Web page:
We Did It! Introducing Voxable

We just launched our website for Voxable, and it’s a pretty great feeling.

Inspired by the desire to have true “space captain” control over the home and office, Voxable is discovering and refining the opportunities that voice interfaces bring to our connected lives. We’re building home and office products that connect users to their surroundings with one of the most intuitive and personal interactions we use as humans–our voice.

We’ll be rolling out more updates throughout the rest of the year and beyond. Stay tuned!



Getting Developers & Designers to Work Better Together

It’s interesting because every product I’ve worked for has suffered from some amount of the (mis)communication that happens between designers and developers. This is not a new problem to the industry, it actually seems to be an prevailing theme. A lot of companies I’ve talked to have this problem, and continue to have it, not really knowing what to do or how to fix it.

I think the answer is pretty simple, but definitely not easy. The answer is that development and design need to deeply collaborate together and be highly aligned to the same product goals. We need to be physically closer to each other. Development needs to understand why design decisions are being made, and get the opportunity to influence them when they happen. The same is true for designers when development decisions are being made. Ultimately these decisions overlap, and become the same product decision. Perhaps even the same product process.

Making or influencing and understanding those decisions is good product Design.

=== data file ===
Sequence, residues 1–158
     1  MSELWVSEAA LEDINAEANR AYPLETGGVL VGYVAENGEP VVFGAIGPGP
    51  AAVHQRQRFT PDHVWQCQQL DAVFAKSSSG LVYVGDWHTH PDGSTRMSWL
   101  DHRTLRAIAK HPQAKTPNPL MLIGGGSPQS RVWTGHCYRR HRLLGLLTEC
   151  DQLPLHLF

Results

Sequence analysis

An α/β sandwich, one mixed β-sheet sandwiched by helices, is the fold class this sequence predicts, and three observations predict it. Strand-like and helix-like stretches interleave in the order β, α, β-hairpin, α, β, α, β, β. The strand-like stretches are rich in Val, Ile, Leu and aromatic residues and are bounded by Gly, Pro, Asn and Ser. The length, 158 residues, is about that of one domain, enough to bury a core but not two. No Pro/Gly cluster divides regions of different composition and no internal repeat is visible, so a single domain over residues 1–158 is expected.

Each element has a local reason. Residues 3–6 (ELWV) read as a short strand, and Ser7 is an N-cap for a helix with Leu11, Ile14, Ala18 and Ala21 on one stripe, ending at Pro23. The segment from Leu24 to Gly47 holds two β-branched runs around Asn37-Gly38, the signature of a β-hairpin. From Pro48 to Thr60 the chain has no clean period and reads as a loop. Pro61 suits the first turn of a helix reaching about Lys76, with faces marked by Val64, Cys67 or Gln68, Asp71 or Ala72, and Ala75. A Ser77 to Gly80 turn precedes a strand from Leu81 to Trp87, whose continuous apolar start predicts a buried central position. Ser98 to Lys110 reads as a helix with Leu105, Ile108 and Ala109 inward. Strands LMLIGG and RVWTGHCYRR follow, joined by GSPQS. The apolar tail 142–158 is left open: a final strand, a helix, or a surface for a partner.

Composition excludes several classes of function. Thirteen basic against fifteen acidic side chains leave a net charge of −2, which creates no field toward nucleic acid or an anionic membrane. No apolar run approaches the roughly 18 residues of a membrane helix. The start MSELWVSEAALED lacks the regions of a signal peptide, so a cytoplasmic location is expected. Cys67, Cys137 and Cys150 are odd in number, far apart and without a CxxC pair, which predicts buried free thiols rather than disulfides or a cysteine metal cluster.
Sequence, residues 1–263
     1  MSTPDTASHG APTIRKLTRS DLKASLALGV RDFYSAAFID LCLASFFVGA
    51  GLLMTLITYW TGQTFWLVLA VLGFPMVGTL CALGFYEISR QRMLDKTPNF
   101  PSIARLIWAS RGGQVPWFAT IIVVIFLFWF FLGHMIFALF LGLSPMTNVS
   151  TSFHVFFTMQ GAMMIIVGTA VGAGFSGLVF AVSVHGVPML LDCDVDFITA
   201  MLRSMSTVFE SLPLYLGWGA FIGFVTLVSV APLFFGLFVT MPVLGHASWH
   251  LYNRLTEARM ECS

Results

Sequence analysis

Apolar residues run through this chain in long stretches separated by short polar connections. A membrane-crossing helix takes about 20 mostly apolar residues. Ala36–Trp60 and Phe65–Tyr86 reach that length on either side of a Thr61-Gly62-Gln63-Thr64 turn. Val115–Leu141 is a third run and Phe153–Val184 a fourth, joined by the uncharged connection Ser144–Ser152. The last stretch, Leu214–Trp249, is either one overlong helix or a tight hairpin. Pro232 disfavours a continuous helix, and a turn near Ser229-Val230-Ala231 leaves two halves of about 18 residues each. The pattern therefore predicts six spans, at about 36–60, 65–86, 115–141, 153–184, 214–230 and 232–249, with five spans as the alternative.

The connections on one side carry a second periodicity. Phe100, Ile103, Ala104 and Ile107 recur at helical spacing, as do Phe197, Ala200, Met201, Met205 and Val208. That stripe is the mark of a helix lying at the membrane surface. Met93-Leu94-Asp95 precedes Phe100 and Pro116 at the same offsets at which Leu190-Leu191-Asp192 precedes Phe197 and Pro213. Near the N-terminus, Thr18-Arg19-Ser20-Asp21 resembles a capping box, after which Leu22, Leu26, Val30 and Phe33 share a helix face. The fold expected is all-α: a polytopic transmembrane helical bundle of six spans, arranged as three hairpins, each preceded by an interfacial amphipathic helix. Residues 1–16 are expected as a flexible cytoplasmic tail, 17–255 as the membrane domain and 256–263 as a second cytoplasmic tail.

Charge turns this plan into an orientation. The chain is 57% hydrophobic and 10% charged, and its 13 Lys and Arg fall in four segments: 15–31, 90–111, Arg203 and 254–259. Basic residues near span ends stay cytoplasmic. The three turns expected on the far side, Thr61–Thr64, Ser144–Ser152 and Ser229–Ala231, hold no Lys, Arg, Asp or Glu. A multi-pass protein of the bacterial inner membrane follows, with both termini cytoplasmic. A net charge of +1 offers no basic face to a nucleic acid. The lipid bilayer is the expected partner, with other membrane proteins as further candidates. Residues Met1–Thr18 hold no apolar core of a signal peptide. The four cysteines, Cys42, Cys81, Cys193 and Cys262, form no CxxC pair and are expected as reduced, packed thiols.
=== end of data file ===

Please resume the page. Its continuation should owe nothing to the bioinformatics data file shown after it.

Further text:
On Overconfidence

The Guardian asked one of the most prolific psychologists of our time what he would like to eliminate from the human psyche, and his answer was quite interesting: Overconfidence.

After reading Kahneman's book, Thinking Fast and Slow, it’s easy to see how he might be very skeptical of human confidence. His book is focused on outlining the way our brains work, and he explains the various biases, fallacies, and effects to which our minds are susceptible. He puts experimental findings in context with real situations. The book incited a lot of introspection in me about my own follies in decisions. It’s somewhat unnerving–that your own mind could be ‘tricking’ you into thinking something that is against what you hold true. 

Kanheman defines 2 major thinking-process the brain does, which he coined System 1 and System 2. System 1 is the instinctive, immediate process, and System 2 is the slower, more rational process. Both have their limitations and strengths as systems and contribute both to ingenuity and stupidity. It tells us something deeper about our psyche; we make quick judgements that are affected by unknown factors and can see rationality in a completely different way depending on how our brain processes the situation.

I finished the book early last year, and there are many of its insights that I often think about. One impactful section of the book explains regression to the mean, a statistical concept for judging human performance. The concept goes that measures of performance are subject to luck, and more extreme measures–like a particularly good or particularly poor performance–are likely to fall back to an average level. This calls into question the causality of the performance–that it was a human act of genius or a great folly. But, it really could have been that the conditions affected the outcome more than human involvement.